What is PrEP?
PrEP stands for pre-exposure prophylaxis. PrEP is an effective way to prevent HIV infection. Currently, there is one method of PrEP approved by the FDA – taking one Truvada pill every day. Studies (iPrEx study and iPrEx OLE study) show that PrEP can reduce the risk of getting infected with HIV by 92-99% when taken daily.
Who is PrEP for?
PrEP is for HIV-negative people who may be at risk of HIV infection through sex or injection drug use. According to the CDC, PrEP should be considered for anyone who is HIV-negative and:
- in an ongoing sexual relationship with an HIV-positive partner,
- is not in a mutually monogamous relationship with a partner who recently tested HIV-negative,
- is a gay or bisexual man who has had anal sex without using a condom or been diagnosed with an STD in the past 6 months, or
- is a heterosexual man or woman who does not regularly use condoms during sex with partners of unknown HIV status who are at substantial risk of HIV infection (for example, people who inject drugs or women who have bisexual male partners).
Consider talking to your healthcare provider to decide if PrEP is right for you.
How effective is PrEP?
The simplest answer: the more you take, the better it works. PrEP works very well to protect against HIV if it’s taken every day. You should commit to taking it every day, and seeing your healthcare provider every three months. Studies show that it offers a 92-99% reduction in HIV risk when taken regularly. When PrEP is taken less consistently, it doesn’t work as well to prevent HIV. PrEP does not protect people from any sexually transmitted infections (like gonorrhea, chlamydia, and syphilis, to name a few). Health organizations recommend that people who take PrEP combine it with other safe sex strategies – like using condoms, and Treatment as Prevention for HIV-positive partners – to reduce risk even more.
Also, it’s important to note that PrEP doesn’t begin working immediately. When you start taking PrEP, it takes at least seven days for the drug to become effective at preventing HIV. Also, if you intend to stop taking PrEP, you should keep on taking it for at least four weeks after your last potential exposure.
There have been, as of May, 2017, only three well-documented instances of people being infected with HIV while being on, and adherent, to PrEP. Two of the cases involved exposure to a strain of HIV that is resistant to many HIV drugs, so PrEP could not protect them against it. The third case was in a man who had condomless anal sex with approximately 150 different men in six months. This is out of an estimated 100,000 people who are taking PrEP in the U.S. This doesn’t mean that PrEP isn’t effective. It simply means that PrEP is not 100% effective (as are most things in healthcare and life).
Side effects of PrEP
There are relatively few side-effects reported by people taking PrEP. Some people report experiencing “start-up syndrome” when they begin PrEP. This can include nausea, headache, and loss of appetite. Usually, symptoms are mild and stop after the first month.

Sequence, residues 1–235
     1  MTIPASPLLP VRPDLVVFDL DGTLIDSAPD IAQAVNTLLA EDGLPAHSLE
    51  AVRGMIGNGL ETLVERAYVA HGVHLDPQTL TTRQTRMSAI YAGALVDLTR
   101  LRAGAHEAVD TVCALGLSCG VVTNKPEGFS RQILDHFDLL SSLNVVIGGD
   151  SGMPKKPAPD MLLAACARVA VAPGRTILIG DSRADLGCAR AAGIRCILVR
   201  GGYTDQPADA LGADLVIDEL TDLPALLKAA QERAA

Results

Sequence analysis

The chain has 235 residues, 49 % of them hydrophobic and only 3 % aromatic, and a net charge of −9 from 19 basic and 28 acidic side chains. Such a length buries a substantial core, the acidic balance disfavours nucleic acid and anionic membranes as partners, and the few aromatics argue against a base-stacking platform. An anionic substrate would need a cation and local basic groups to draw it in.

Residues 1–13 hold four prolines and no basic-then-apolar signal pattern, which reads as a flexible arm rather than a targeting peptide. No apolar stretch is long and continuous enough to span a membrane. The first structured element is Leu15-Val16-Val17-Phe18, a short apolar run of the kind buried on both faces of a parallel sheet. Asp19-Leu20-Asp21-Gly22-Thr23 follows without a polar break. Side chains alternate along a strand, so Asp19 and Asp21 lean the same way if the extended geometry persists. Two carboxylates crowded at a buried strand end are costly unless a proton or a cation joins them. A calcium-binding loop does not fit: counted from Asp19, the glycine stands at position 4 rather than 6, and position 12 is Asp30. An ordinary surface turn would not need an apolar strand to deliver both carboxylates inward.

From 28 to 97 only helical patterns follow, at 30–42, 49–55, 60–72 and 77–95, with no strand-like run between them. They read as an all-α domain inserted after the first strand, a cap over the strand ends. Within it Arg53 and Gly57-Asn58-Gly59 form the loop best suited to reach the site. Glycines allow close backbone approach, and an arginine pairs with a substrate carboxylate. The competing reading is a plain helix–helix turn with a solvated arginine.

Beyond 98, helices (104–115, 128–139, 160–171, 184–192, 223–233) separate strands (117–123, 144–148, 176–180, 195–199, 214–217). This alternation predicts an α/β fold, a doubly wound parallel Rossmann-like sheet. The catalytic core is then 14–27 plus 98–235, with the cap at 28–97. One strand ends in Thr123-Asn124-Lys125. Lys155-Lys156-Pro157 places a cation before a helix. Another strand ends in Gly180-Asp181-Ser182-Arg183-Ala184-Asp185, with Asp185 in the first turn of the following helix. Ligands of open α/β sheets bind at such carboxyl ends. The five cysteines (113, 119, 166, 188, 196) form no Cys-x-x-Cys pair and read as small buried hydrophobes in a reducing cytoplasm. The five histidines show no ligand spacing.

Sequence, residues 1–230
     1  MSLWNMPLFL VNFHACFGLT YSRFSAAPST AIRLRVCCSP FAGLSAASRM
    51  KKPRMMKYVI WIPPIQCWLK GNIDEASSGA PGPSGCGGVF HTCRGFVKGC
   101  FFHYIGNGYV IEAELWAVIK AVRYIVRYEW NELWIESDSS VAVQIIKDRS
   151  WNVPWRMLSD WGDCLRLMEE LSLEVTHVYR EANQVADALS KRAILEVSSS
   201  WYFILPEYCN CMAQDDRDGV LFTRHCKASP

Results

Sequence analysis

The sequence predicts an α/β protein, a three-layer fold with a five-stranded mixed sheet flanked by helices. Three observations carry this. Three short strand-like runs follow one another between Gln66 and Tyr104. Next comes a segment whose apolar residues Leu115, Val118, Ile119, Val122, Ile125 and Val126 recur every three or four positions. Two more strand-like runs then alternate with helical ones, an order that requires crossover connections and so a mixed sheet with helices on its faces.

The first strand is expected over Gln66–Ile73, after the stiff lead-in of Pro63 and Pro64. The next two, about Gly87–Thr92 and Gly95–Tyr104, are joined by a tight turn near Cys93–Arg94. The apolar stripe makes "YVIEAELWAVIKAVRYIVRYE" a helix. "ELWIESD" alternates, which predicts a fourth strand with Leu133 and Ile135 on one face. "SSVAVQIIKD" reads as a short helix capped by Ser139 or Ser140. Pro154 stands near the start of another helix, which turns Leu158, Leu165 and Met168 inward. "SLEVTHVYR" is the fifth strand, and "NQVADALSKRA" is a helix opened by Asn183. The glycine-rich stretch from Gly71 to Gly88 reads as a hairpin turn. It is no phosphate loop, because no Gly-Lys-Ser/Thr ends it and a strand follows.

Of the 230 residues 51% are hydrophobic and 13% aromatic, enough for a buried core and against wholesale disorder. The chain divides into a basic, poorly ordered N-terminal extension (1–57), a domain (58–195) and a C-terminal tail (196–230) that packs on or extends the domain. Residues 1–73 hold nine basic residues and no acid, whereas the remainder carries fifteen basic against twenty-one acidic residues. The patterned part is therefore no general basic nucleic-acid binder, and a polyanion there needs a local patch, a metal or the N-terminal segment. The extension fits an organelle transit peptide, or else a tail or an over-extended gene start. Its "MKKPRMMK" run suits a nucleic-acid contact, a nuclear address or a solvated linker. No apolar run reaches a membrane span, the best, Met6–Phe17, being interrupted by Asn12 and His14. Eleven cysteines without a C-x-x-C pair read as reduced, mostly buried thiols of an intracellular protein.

Truvada-based PrEP is also associated with small decreases in bone mineral density (bone strength) in some people. People with greater bone density are less likely to suffer from broken bones or fractures after injury, which is why decreases in bone density can be worrying. Studies show that decreases in bone strength are usually small, not associated with fractures or broken bones, and that bone density recovers after people stop PrEP.
Where to get PrEP
People at risk for HIV can get PrEP in a number of different ways. If you are currently in medical care and have medical insurance, you can talk to your regular healthcare provider about PrEP. Check out the CDC guide about how to talk about PrEP with your doctor here.
You can also look for PrEP-friendly medical providers through the national PrEP directory here. This website has a location-based tool so you can search by region. It includes providers who require insurance as well as those who don’t.
LGBT health centers or local AIDS service organizations in your area may also have PrEP services or have recommendations on how to access PrEP. Reach out to your local LGBT or AIDS service agencies for more information.
How to afford PrEP
If you have health insurance, you can expect to pay the normal co-pay for a brand-name drug for Truvada-based PrEP. This cost varies from plan to plan.
Without insurance, PrEP is not cheap. It can cost thousands of dollars every year. But there are ways to get Truvada for PrEP at no or low cost. Medicaid, depending on the state you live in, may cover it. Gilead Sciences (the manufacturer of Truvada) has a prescription assistance program.
One option is to participate in a clinical research study or demonstration project of PrEP. You can search for PrEP studies that are now enrolling across the U.S. on the AVAC website.
Want to learn more about PrEP? Check out these short videos and other resources. You’ll get a quick overview of what PrEP is, how well it works, and how to figure out if it may be right for you.
- Are You Ready for PrEP? Video by the CDC
Get quick and easy-to-understand info about PrEP to help you decide if PrEP might be the right option for you.
- Acute HIV and PrEP Fact Sheet: From the CDC
It’s really important that people living with HIV do not to take PrEP. If you’ve recently started taking PrEP, and are worried that you’ve recently contracted HIV (either right before, or right after you started PrEP), find out what to do.